Simulation of the Performance of a Dry Powder Inhaler Using Computational Fluid Dynamics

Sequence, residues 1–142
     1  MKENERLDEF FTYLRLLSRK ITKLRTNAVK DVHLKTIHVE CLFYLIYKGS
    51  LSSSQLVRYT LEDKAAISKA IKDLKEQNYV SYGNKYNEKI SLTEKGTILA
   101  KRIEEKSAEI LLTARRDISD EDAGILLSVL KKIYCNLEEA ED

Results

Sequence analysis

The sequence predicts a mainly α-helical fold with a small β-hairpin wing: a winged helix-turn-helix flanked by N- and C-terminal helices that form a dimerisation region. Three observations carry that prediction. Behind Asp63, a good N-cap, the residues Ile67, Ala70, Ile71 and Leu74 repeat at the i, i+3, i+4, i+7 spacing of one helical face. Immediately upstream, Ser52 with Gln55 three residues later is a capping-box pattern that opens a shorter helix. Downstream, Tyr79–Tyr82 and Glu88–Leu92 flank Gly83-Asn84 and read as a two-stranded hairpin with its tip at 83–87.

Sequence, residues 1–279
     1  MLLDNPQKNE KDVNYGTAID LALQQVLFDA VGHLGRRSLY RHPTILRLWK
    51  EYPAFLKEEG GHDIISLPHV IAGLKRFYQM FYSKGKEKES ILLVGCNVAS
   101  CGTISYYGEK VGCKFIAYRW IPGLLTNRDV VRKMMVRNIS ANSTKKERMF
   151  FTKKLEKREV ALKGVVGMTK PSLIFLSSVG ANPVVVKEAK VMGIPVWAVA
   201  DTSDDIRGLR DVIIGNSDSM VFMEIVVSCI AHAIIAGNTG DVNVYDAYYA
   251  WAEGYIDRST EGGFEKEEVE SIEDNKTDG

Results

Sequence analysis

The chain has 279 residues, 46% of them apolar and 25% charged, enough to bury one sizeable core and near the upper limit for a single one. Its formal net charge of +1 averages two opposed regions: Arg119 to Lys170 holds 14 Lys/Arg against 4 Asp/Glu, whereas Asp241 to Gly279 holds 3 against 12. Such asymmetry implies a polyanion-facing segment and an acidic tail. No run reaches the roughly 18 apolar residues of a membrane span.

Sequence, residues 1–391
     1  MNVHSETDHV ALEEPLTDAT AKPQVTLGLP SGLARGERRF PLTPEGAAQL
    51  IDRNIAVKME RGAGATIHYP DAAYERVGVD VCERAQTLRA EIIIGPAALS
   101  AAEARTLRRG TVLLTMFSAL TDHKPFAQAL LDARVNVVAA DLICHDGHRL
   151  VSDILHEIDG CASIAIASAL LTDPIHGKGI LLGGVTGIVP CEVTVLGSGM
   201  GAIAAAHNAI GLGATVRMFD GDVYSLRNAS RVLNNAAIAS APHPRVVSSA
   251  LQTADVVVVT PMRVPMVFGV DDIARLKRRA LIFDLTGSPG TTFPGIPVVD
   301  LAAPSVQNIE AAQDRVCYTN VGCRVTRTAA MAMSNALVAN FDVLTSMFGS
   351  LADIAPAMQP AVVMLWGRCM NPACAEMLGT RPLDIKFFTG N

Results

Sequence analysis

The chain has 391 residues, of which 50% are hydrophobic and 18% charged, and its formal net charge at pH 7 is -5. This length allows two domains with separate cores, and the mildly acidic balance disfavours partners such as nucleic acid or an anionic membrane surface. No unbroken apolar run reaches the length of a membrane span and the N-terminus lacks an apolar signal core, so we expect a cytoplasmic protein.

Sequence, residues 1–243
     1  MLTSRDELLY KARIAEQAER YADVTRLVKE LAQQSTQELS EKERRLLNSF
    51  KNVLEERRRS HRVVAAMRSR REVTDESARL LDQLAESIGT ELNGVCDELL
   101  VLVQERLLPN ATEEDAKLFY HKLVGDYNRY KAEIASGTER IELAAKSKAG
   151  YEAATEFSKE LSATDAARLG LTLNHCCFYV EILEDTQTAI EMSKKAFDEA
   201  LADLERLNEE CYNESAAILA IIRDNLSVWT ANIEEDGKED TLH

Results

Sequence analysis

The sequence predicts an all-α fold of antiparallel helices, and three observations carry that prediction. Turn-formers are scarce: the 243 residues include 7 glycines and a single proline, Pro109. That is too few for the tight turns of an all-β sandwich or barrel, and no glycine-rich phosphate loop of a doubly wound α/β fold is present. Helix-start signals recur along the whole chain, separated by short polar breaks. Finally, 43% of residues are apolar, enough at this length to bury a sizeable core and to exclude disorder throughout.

Rapid development in inhalation drug delivery over the past decade has led to the invention of a wide range of innovative dry powder inhaler systems. One such commercially available device is the Aerolizer, which utilises a spinning capsule for powder dispersion. Upon inhalation, the air flow entering the inhaler through the tangential air inlets acts to rotate the capsule at high speed, ejecting the drug powder into the surrounding flowfield. The de-agglomerating forces required to disperse the drug agglomerates are provided by the air flowfield generated within the device. However there is a distinct lack of knowledge in the literature examining how the flowfield generated in dry powder inhalers interacts with the drug agglomerates to generate respirable aerosol clouds. This thesis aims to address this by combining computational fluid dynamics (CFD) with experimental powder dispersion analysis to develop tools to examine the fundamental factors affecting agglomerate dispersion in a dry powder inhaler, with specific focus on the effects of device design and operating conditions.